CLASSICAL SOFA LABELED BY COOK AND PARKIN
Thomas Cook (1789-1868) and Richard Parkin (1787-1861)
Bearing Ink Stencil: Cook & Parkin (active 1819-1833)
Philadelphia, c. 1830
The scrolled crest terminating at each end with cyma curves and anthemion carving, above an upholstered back, and seat flanked by arms with carved scallop shells, above plinths connected by a bolection-molded and gadrooned seat rail, raised on stout lotus-carved and turned conical legs, with ball feet. The back board bearing the ink stencil: COOK & PARKIN/ CABINET WARE/ PHILADELPHIA.
H: 35″ W: 89″ D: 24½”
Condition: Excellent. Small loss to carving on the proper-left shell, retaining antique surface, modern upholstery.
Allison and Jonathan Boor, Philadelphia Empire Furniture (West Chester, PA., Boor Management, 2006), 378.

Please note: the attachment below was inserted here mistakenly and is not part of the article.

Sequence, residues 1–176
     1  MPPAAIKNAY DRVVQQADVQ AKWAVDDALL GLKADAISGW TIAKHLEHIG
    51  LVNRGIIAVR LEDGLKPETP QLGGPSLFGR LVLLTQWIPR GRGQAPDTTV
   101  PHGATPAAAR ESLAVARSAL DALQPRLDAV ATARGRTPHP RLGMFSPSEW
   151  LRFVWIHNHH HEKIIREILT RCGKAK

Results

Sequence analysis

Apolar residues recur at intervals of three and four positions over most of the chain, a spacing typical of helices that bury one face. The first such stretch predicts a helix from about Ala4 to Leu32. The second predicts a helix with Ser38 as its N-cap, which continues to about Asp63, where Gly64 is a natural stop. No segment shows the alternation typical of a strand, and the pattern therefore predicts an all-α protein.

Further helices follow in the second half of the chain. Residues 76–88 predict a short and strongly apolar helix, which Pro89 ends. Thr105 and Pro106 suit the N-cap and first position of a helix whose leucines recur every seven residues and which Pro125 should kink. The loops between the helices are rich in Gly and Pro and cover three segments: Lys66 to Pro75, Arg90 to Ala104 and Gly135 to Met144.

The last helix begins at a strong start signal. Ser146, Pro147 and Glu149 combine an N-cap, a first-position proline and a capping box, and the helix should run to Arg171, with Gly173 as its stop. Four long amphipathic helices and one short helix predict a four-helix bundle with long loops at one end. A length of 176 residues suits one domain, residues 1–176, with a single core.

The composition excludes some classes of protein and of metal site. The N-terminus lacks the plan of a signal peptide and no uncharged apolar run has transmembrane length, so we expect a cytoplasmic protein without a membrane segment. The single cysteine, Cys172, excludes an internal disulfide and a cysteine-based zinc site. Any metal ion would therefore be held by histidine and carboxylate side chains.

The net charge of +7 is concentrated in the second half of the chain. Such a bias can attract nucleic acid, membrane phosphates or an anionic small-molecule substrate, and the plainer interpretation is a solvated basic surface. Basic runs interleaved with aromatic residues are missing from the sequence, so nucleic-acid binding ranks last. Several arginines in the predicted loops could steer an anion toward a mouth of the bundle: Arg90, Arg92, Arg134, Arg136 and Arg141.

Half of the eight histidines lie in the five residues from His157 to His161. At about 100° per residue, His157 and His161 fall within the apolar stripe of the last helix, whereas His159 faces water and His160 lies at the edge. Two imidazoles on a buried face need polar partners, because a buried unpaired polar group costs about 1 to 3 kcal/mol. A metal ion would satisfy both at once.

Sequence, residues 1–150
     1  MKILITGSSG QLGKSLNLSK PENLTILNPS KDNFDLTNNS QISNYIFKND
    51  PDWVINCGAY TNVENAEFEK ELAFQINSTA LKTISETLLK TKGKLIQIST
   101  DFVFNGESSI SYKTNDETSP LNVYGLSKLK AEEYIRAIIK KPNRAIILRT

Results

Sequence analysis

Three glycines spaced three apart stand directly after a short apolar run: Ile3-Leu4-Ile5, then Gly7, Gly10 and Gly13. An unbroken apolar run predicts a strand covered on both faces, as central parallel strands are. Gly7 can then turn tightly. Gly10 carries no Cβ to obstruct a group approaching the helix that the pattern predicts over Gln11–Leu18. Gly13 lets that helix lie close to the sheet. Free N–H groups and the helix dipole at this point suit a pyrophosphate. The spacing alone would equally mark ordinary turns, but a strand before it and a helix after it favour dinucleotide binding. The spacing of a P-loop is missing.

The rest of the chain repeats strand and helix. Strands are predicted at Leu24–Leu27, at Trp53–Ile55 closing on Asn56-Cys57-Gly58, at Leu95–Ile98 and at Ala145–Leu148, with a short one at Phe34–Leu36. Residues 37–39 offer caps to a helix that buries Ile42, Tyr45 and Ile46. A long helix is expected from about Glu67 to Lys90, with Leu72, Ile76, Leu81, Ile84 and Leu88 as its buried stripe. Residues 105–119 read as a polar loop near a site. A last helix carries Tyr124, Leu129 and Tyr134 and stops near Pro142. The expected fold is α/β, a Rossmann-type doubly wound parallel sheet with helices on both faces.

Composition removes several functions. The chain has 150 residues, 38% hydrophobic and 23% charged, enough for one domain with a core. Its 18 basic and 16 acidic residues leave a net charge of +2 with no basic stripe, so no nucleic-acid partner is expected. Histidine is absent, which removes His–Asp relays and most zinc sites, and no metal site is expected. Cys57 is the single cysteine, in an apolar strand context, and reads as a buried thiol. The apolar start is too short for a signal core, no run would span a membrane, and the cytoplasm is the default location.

Carswell Rush Berlin “‘A Shadow of a Magnitude’: The Furniture of Thomas Cook and Richard Parkin,” American Furniture, edited by Luke Beckerdite (Hanover, N.H.: University Press of New England, 2013), 175.
The form of this sofa with shell-carved arm-rests is typical of Philadelphia box sofas of this period and there are at least four related labeled examples by other Philadelphia cabinetmakers including Joseph Barry, Charles & John White, David Fleetwood and H.B. (William) Grubb. A drawing of a closely related Philadelphia box sofa with shell-carved arm rests, attributed to Anthony Quervelle, in the collection of the Philadelphia Museum of Art, suggests that he too produced this regionally distinctive model. Joseph Barry made a pair of these for President Andrew Jackson.
Cook & Parkin, working at 56 & 58 Walnut Street between Dock and Third, were among the largest and most successful of the Philadelphia cabinetmakers of the Classical period. More information about them can be found on this website under “Insights“.